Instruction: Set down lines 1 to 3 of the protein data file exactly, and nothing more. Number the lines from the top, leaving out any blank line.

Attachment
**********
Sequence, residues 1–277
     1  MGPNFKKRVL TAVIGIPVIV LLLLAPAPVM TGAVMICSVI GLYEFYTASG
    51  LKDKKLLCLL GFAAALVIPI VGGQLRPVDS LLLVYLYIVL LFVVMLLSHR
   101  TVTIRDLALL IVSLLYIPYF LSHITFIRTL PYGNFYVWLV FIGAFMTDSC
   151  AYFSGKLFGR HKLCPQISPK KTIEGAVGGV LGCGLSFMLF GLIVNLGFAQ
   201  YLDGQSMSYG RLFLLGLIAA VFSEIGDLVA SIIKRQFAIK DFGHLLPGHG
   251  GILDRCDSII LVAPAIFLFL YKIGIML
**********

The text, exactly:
Sequence, residues 1–277
     1  MGPNFKKRVL TAVIGIPVIV LLLLAPAPVM TGAVMICSVI GLYEFYTASG
    51  LKDKKLLCLL GFAAALVIPI VGGQLRPVDS LLLVYLYIVL LFVVMLLSHR